Wat Arun is a Buddhist temple in Bangkok, Thailand. The temple derives its name from the Hindu god Aruna. This photograph shows the sculptures of two mythical giant demons, Thotsakan (green-skinned) and Sahatsadecha (white-skinned), guarding the eastern gate of the temple's ordination hall, a building designated for the performance of upasampadā, the Buddhist ordination ritual, and other ritual ceremonies. The entrance of the ordination hall has a roof with a central spire, decorated in coloured ceramic and stucco and sheathed in coloured china.
This is a Good article, an article that meets a core set of high editorial standards.
Chandra Khonnokyoong (Thai: จันทร์ ขนนกยูง; RTGS: chan khonnokyung), 19 January 1909 – 10 September 2000) was a Thai Maechi (nun) who founded Wat Phra Dhammakaya. Religious studies scholar Rachelle Scott has described her as "the most influential female meditation teacher in Thailand". Her own students call her Khun Yay Achan Mahā-ratana Upasika Chandra Khonnokyoong (Khun Yay Achan, for short), an honorific name meaning "grandmother-master-great-gem devotee". Although illiterate, she was widely respected for her experience in meditation, which is rare for a maechi. She managed to attract many well-educated students, despite her rural background and illiteracy. Some scholars have raised the example of Maechi Chandra to indicate that the position of women in Thai Buddhism may be more complex than was previously thought. (Full article...)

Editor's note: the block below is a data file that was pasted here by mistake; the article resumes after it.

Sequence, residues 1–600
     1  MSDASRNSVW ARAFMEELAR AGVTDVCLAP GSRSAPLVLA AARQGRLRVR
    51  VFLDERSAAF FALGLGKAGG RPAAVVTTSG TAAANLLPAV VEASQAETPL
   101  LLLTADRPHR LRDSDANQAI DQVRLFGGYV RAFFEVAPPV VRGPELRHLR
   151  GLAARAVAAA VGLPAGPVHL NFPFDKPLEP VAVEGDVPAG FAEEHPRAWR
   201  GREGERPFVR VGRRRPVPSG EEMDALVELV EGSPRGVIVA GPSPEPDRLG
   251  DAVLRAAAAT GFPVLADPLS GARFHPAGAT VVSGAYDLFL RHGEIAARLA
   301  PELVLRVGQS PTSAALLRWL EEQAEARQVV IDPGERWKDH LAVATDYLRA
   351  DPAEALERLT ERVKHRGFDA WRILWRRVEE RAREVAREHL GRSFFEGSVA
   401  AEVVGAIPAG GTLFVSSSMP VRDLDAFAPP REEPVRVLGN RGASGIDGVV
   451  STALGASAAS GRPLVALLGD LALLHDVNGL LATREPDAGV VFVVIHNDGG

Image 6Display of respect of the younger towards the elder is a cornerstone value in Thailand. A family during the Buddhist ceremony for young men who are to be ordained as monks. (from Culture of Thailand)
Image 21Map showing linguistic family tree overlaid on a geographic distribution map of Tai-Kadai family. This map only shows general pattern of the migration of Tai-speaking tribes, not specific routes, which would have snaked along the rivers and over the lower passes. (from History of Thailand)